As a critical care paramedic, I am fortunate enough to experience our health care system as an active participant, caring for the sick and injured, and as a passive observer, following the pathways of the patients whom I have treated. The health care system in the United States is, admittedly, fractured (Kovner & Knickman, 2008), but there are components that serve to create harmony and efficiency within this system, and I will describe just a few of them.

The primary care physician is meant to be the coordinator of all care for his or her patients. The importance of this role cannot be overstated, as it is the keystone to “health promotion, disease prevention, health maintenance, counseling, patient education, diagnosis and treatment of acute and chronic illnesses” (American Academy of Family Physicians, 2010, para. 7). When appropriately utilized, the primary care physician can coordinate a patient’s care to ensure efficiency and efficacy of treatment while ensuring safe and comprehensive care (Kovner et al., 2008).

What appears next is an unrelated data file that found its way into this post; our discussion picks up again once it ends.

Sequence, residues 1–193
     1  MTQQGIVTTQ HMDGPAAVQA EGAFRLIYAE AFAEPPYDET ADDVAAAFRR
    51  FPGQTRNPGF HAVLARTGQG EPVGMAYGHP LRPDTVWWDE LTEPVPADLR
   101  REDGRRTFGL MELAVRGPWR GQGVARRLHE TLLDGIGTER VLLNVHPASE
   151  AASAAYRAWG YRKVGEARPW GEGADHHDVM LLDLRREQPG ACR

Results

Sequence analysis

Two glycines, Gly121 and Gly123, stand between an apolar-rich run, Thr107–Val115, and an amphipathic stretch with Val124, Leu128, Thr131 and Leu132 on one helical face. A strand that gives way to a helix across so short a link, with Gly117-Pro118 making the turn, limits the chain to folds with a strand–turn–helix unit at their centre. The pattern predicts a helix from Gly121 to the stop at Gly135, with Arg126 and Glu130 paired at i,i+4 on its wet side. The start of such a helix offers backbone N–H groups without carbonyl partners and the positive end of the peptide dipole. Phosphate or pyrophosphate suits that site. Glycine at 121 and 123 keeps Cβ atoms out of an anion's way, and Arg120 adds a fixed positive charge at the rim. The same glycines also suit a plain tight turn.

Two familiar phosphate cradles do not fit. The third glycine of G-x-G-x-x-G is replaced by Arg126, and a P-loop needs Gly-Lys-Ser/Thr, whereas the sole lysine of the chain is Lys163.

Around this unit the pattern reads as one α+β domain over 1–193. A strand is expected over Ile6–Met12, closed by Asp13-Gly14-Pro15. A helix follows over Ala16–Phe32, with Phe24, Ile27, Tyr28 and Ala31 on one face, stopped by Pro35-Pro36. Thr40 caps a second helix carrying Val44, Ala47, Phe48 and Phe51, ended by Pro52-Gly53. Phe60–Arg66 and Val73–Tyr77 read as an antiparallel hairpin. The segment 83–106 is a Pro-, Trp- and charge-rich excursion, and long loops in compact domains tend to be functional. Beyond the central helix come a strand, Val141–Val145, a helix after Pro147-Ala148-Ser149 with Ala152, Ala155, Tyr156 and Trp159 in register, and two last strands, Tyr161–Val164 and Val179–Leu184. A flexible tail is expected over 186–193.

There is a growing number of specialties and sub-specialties within the practice of medicine today (Bureau of Labor Statistics, 2010b). Specialists focus on their chosen area of practice and are an asset to the general practitioner, or primary care physician, who can concentrate on the coordination of the patient’s care. The inclusion of specialists in medicine is an efficient and effective means of offering the patient a level of expertise not otherwise available. One of these specialties is emergency medicine.